Since disbanding his group The Academy Is… William Beckett has dived headfirst into his solo career with EP releases and live recordings. The time however has come for a debut full length, Killyourstereo.com caught up with Big Willie to discuss it all.
Let’s talk about your transition into a solo artist from The Academy Is…
I’m not going to beat around the bush, I’ll just be honest and say it was my choice to end the band and it was so I could go solo. Because it came to a point for me where, it’s no ones fault particularly, a lot of that came down on me as the sole writer, but I was not writing my best material, but we were also in a very stressful position, members were leaving and everything felt disjointed and weird, and didn’t feel the way that it should and the way it always did, so my writing was suffering and I felt like it was just time. Instead of forcing out a record that none of us would like we just ended on a high note and honoured what we accomplished, not degrade it by doing things just to do it. So I started over and that’s where my writing took a huge turn and I’ve been writing like crazy and have been on fire ever since so I think it was the right move for me and that everyone is in a good place right now.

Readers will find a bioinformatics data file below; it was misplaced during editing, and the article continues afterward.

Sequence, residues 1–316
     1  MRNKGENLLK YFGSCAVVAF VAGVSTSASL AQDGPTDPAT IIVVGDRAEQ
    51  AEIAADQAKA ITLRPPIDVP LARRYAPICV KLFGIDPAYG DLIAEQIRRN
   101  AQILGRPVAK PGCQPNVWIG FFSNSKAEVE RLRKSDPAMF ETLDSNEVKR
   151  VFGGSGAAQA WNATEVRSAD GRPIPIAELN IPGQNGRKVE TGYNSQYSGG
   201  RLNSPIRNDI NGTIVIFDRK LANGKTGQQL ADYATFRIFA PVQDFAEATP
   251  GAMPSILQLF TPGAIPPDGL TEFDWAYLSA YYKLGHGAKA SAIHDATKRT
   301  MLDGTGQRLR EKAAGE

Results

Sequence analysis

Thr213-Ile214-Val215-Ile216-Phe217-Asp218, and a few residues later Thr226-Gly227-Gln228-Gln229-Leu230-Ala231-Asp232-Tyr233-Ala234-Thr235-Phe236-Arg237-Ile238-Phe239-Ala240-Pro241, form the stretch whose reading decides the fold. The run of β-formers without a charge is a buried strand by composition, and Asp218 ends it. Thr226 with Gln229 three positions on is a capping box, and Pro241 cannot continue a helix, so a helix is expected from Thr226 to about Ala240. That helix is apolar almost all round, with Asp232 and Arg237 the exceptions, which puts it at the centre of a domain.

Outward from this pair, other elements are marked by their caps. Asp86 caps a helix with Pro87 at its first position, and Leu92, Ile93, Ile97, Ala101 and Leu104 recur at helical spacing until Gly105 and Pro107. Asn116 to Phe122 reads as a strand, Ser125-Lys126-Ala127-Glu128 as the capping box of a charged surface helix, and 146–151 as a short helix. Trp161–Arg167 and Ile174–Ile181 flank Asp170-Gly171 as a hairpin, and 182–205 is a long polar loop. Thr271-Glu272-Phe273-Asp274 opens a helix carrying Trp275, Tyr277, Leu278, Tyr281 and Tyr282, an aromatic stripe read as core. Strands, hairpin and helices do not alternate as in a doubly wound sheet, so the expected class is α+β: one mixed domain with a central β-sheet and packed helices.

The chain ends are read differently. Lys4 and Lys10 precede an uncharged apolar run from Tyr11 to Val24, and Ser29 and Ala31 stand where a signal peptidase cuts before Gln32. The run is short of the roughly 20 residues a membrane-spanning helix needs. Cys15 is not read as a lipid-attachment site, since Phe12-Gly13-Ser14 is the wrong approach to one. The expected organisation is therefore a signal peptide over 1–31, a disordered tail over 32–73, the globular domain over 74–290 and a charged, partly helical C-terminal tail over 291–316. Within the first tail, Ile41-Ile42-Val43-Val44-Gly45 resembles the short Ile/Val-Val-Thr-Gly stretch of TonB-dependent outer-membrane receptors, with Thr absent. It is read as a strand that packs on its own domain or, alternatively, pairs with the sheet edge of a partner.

Do you feel a sense of freedom now that you are on your own?
Yeah I do, I still have a team like managers and people that I consider A&R, I bounce ideas off of friends and producers, but at the end of the day it is my choice and it’s people who are not as close to me as a band is, a band you are married to like five dudes, that nuts. It’s very difficult to keep cool and not make it a reality TV show or something. For me it’s liberating to commit to ideas and see them through and continue to create as opposed to beating an idea into the ground, which no one likes anyway. It’s proactive and positive as opposed to depression for me, if no one likes the song who gives a shit just write another one. Before I would get down about that, it’s up and down though.
Are there some negative points to not being in a band though?
I don’t think so, honestly I don’t. I plan on playing with a full band next year though because my album isn’t acoustic at all.
But you are playing this upcoming Australian tour with Anberlin solo?
Yes, but I have a band in a box so it’s not just me, you’ll see. It’s tiny people in a tiny box.
Do you find that a live solo musician can be a bit restricted in what they can perform?
Well I don’t let it restrict me, I write things as if it is full band. There is obviously difference between a backing track and real drums, part of me misses running around like a lunatic on stage, but that doesn’t mean it won’t be that way, it is a different side of my performing token. Plus, you can really hear how much I’ve grown as a vocalist, I’ve never been singing better in my life and that is clear when you hear the album. I miss running around on stage but that is what 2014 is all for.
Have you ever written anything that you didn’t think you could do live?